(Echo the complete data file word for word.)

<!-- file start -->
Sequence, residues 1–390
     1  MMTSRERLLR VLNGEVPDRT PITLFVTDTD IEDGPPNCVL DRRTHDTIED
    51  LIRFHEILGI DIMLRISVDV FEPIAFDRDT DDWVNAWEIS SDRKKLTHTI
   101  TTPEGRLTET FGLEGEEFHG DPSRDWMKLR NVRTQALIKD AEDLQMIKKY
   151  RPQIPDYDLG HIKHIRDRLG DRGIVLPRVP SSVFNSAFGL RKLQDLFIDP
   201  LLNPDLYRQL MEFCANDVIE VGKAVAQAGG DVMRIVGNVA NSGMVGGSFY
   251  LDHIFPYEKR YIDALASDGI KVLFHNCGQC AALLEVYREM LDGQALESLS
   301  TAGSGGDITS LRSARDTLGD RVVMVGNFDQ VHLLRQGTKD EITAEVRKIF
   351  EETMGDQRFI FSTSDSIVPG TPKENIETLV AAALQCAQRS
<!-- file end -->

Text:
Sequence, residues 1–390
     1  MMTSRERLLR VLNGEVPDRT PITLFVTDTD IEDGPPNCVL DRRTHDTIED
    51  LIRFHEILGI DIMLRISVDV FEPIAFDRDT DDWVNAWEIS SDRKKLTHTI
   101  TTPEGRLTET FGLEGEEFHG DPSRDWMKLR NVRTQALIKD AEDLQMIKKY
   151  RPQIPDYDLG HIKHIRDRLG DRGIVLPRVP SSVFNSAFGL RKLQDLFIDP
   201  LLNPDLYRQL MEFCANDVIE VGKAVAQAGG DVMRIVGNVA NSGMVGGSFY
   251  LDHIFPYEKR YIDALASDGI KVLFHNCGQC AALLEVYREM LDGQALESLS
   301  TAGSGGDITS LRSARDTLGD RVVMVGNFDQ VHLLRQGTKD EITAEVRKIF
   351  EETMGDQRFI FSTSDSIVPG TPKENIETLV AAALQCAQRS